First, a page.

Plenty of other articles out there compare and contrast IPSec and SSL VPNs from the perspective of a network admin who has to set them up. This article, however, will examine how major commercial VPN providers utilize SSL and IPSec in their consumer services, which are intended to provide access to the web and not a corporate network.
VPN protocols that use IPSec encryption include L2TP, IKEv2, and SSTP. OpenVPN is the most popular protocol that uses SSL encryption, specifically the OpenSSL library. SSL is used in some browser-based VPNs as well.
This article compares and contrasts IPSec and SSL encryption from the VPN end user standpoint. If you want a more fundamental explanation of the two protocols, check out our in-depth guide on common types of encryption.
The basics of VPN encryption
VPN encryption scrambles the contents of your internet traffic in such a way that it can only be un-scrambled (decrypted) using the correct key. Outgoing data is encrypted before it leaves your device. It’s then sent to the VPN server, which decrypts the data with the appropriate key. From there, your data is sent on to its destination, such as a website. The encryption prevents anyone who happens to intercept the data between you and the VPN server—internet service providers, government agencies, wifi hackers, etc—from being able to decipher the contents.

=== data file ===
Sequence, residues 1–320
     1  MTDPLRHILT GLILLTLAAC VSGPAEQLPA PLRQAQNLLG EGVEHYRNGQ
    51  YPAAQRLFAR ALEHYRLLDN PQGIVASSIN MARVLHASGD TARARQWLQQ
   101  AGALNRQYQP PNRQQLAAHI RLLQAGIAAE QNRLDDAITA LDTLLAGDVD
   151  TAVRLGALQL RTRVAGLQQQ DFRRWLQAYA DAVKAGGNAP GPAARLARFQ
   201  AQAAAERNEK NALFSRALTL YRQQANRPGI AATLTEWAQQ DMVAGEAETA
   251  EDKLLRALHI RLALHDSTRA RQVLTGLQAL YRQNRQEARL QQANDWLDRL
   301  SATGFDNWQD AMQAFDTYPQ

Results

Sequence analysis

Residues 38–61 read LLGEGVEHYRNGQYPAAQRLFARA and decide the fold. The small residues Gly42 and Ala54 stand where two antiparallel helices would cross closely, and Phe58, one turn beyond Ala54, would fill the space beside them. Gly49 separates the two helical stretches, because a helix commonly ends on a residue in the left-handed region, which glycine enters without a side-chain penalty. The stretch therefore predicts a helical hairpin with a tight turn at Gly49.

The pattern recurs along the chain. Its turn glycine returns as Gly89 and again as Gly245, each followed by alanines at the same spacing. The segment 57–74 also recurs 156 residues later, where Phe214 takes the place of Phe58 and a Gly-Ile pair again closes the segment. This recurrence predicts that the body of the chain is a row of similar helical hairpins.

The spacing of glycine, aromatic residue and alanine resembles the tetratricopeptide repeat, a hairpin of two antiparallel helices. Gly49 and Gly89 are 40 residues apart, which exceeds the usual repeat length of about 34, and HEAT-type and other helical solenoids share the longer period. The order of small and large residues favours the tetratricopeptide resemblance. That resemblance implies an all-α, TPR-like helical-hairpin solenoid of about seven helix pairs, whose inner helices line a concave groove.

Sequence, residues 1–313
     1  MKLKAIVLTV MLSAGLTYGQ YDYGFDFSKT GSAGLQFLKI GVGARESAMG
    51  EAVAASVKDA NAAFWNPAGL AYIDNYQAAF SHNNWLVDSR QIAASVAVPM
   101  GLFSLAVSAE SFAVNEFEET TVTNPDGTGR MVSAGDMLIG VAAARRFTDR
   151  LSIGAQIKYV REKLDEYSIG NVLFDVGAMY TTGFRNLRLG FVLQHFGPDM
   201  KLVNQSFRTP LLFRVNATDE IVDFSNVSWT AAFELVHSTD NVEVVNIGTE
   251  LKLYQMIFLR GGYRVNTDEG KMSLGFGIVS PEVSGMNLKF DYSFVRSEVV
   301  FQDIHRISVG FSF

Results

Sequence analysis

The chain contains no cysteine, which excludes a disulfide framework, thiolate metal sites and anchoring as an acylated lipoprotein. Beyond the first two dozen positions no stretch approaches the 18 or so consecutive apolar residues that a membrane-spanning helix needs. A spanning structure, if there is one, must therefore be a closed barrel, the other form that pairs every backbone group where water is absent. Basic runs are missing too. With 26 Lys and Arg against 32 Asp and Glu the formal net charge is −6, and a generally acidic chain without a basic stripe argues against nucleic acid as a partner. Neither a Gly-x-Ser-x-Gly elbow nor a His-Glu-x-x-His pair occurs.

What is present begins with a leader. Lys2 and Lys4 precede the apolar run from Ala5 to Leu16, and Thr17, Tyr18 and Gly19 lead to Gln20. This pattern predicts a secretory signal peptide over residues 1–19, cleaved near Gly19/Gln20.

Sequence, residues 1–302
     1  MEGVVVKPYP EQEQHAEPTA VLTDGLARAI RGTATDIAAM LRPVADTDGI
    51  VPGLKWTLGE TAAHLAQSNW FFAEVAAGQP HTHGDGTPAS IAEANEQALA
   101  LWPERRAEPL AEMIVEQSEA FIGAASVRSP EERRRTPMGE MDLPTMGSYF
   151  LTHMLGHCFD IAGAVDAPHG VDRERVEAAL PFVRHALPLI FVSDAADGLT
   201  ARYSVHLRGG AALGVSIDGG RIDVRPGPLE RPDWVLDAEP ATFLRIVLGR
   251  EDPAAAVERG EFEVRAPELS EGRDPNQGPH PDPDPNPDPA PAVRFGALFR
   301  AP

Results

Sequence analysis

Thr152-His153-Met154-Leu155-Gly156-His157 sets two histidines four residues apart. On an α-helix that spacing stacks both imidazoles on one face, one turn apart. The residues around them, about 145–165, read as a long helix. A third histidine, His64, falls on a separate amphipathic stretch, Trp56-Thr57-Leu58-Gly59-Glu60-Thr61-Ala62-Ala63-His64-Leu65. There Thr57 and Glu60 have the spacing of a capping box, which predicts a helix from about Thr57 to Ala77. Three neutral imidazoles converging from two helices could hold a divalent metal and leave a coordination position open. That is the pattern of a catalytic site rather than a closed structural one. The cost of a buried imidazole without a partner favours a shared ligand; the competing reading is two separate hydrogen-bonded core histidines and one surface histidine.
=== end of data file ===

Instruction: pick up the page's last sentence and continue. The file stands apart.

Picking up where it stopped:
Incoming traffic goes through the same process in reverse. If data is coming from a website, it first goes to the VPN server. The VPN server encrypts the data, then sends it to your device. Your device then decrypts the data so you can view the website normally.
All of this ensures that VPN users’ internet data remains private and out of the hands of any unauthorized parties.
The differences between varying types of encryption include:
- Encryption strength, or the method and degree to which your data is scrambled
- How the encryption keys are managed and exchanged
- What interfaces, protocols, and ports they use
- What OSI layers they run on
- Ease of deployment
- Performance (read: speed)
In short: Slight edge in favor of SSL.
IPSec connections require a pre-shared key to exist on both the client and the server in order to encrypt and send traffic to each other. The exchange of this key presents an opportunity for an attacker to crack or capture the pre-shared key.
SSL VPNs don’t have this problem because they use public key cryptography to negotiate a handshake and securely exchange encryption keys. But TLS/SSL has a long list of its own vulnerabilities like Heartbleed.
Some SSL VPNs allow untrusted, self-signed certificates and don’t verify clients. This is particularly common in « clientless » SSL VPN browser extensions. These VPNs that allow anyone to connect from any machine are vulnerable to man-in-the-middle (MITM) attacks. However, this is not the case with most native OpenVPN clients.